In reference to the drawings, and more particularly to FIG. 1, there is shown in accordance with the principles of the present invention a watercraft, i.e., a kayak 10 with an operator seated in a cockpit opening 12 thereof. FIG. 1 shows an environment of the kayak during operation, with water splashing onto an upper deck 11 of kayak 10 and onto the operator of the kayak. Typically, as shown best in FIGS. 6-7, cockpit opening 12 includes a raised rim 14 with a channel 16 formed around the periphery of opening 12 so as to facilitate the attachment of a sprayskirt 20 thereto.
A first embodiment of sprayskirt 20 is shown in FIG. 2 where sprayskirt 20 includes a first open end 22 and a second open end 24. First open end 22 is sized to accommodate a person's torso in the interior of the shell, and second open end 24 is sized to facilitate attachment to rim 14 of kayak 10. Typically, first open end 22 will be considerably smaller than second open end 24 because of the relative small size of a person's torso in comparison to a typical cockpit opening of a kayak.
Sprayskirt 20 includes a shell 26, which is preferably fabricated from a deformable fabric material, such as nylon, or from any other suitable material, such as neoprene. The material selected for shell 26 of sprayskirt 20 should have good waterproof characteristics for preventing the penetration of water therethrough and into the cockpit of kayak 10 during operation. If nylon is selected, it is recommended that a waterproof coating, such as urethane, be applied to the shell to achieve sufficient waterproofing.
At the uppermost extent of sprayskirt 20, a member 28 may define a peripheral boundary of shell 26. Preferably, member 28 is semi-rigid, having an elasticity or flexibility, so that when member 28 deforms, it tends to recover to its original shape. Alternatively, member 28 may be rigid or hard. However, from a manufacturing standpoint, it is preferable to employ a semi-rigid material with good memory characteristics for member 28. It is also important that semi-rigid member 28 have sufficient rigidity so as to facilitate the attachment of removable members, the details of which will be more fully hereinafter described.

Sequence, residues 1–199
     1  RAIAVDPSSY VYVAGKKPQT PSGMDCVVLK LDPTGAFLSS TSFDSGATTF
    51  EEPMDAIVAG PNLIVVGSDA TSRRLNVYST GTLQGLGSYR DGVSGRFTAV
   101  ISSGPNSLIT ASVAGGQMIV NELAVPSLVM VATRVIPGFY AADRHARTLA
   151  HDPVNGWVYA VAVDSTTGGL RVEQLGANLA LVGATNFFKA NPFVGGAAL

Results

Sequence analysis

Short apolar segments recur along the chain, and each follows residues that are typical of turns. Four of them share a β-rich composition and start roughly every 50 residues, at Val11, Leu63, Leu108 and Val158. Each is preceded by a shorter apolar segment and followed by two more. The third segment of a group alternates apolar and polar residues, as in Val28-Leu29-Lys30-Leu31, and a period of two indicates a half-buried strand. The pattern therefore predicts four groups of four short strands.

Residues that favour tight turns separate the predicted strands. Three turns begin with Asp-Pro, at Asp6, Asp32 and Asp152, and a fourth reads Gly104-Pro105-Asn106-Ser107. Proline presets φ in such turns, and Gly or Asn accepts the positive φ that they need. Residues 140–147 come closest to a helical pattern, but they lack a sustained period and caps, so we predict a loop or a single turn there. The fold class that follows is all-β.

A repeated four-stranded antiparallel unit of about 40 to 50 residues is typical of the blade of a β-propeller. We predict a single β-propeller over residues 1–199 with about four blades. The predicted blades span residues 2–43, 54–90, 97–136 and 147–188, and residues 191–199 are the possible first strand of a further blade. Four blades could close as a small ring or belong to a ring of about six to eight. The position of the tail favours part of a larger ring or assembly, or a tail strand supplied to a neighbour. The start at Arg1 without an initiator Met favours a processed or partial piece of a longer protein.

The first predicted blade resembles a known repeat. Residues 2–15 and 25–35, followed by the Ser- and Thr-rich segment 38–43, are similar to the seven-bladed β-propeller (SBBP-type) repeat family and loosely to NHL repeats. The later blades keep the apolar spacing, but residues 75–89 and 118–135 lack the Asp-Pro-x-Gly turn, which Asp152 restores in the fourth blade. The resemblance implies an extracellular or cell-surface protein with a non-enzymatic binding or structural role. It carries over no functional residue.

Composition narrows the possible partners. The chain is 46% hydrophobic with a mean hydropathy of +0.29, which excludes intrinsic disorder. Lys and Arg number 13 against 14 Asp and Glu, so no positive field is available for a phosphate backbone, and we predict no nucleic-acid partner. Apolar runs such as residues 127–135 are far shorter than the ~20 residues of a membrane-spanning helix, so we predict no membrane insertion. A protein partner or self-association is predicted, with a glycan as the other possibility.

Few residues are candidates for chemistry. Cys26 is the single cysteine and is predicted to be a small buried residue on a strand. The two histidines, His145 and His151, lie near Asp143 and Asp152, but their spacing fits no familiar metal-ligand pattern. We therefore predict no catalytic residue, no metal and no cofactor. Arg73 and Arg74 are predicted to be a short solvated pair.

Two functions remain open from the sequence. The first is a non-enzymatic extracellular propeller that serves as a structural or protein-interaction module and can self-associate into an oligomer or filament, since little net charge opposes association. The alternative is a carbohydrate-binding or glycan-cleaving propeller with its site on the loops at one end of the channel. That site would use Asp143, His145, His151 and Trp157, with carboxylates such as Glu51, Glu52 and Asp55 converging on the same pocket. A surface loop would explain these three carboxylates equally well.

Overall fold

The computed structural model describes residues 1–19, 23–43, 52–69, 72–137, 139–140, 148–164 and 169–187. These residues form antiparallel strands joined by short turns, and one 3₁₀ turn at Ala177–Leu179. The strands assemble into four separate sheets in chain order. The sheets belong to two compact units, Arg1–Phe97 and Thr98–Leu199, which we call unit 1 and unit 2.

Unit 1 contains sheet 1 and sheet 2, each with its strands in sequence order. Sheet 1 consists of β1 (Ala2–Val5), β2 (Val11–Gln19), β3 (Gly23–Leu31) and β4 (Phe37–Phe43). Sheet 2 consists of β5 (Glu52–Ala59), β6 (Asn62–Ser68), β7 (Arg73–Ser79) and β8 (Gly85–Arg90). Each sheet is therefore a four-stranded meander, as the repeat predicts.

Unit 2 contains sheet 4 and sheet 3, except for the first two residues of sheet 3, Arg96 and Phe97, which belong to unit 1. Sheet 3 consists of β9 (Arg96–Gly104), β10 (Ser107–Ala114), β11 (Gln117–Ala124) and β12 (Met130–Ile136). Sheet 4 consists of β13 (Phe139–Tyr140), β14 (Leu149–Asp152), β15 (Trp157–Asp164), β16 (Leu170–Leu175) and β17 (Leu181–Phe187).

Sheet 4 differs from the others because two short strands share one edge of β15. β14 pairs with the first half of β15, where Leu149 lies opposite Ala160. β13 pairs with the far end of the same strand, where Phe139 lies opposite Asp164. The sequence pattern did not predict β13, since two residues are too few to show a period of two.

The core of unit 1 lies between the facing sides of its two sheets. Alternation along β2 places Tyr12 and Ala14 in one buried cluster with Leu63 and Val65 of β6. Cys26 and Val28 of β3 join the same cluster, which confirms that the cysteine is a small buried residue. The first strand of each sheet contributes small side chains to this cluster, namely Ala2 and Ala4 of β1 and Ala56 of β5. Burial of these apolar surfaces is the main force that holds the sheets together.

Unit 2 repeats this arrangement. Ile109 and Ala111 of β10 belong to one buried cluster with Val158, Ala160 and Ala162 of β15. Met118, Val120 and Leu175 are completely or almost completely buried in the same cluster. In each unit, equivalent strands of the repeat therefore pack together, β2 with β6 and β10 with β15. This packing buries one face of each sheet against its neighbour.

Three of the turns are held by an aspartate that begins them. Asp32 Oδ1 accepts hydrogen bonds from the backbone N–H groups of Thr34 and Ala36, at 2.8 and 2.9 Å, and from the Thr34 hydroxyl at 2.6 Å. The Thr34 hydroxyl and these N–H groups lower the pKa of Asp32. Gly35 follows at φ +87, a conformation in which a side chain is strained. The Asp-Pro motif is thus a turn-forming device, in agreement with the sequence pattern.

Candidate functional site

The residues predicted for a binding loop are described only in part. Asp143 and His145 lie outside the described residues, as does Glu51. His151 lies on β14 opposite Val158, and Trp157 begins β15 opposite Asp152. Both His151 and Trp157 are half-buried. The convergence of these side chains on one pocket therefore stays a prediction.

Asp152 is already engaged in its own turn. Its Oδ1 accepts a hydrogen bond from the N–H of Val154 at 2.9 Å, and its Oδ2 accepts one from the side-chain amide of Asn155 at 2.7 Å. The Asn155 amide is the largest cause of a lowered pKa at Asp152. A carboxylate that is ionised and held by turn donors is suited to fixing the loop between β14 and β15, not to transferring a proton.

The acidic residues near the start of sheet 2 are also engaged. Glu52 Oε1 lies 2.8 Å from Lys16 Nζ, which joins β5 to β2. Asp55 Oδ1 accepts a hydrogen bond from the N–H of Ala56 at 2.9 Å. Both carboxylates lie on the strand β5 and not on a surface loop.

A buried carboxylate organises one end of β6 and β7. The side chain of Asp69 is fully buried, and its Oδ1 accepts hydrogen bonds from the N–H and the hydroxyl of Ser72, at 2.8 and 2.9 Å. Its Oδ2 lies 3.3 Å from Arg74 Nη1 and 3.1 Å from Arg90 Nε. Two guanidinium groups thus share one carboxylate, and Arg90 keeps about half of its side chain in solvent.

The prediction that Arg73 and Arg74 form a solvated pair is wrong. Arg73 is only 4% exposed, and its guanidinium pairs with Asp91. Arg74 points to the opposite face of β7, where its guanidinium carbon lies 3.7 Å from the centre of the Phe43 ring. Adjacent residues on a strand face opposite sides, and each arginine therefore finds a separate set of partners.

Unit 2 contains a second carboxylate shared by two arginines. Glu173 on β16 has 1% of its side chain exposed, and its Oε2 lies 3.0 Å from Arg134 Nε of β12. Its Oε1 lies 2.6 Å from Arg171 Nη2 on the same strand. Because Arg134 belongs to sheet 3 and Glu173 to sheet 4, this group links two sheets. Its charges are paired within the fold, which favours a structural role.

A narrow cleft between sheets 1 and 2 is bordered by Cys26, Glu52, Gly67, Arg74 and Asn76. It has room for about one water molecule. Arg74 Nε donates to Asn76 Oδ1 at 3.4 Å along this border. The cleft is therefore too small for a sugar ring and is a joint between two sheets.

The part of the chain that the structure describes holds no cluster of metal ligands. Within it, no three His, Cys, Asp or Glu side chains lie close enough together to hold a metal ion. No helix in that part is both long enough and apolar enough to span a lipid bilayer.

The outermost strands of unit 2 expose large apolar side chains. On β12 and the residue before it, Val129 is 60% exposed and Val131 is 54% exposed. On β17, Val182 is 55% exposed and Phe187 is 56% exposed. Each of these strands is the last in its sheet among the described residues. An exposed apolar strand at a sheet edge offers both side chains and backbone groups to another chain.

Preferably, member 28 comprises a rod shaped to form the peripheral boundary of shell 26 and conducive to returning to its original shape after deformation. Preferably, the rod is fabricated from a high density polyethylene. It should be noted, however, that any material which achieves the abovestated function, i.e., flexibility yet rigidity, may be employed for the semi-rigid member. For instance, instead of utilizing a rod fabricated of high density polyethylene, any suitable material, such as metal or wood, may be substituted therefor. Also, if a rigid material is desired for member 28, any known material having the desired characteristics may be selected. Preferably, the cross-section of rod 26 is circular in shape, but other cross sectional configurations may be employed.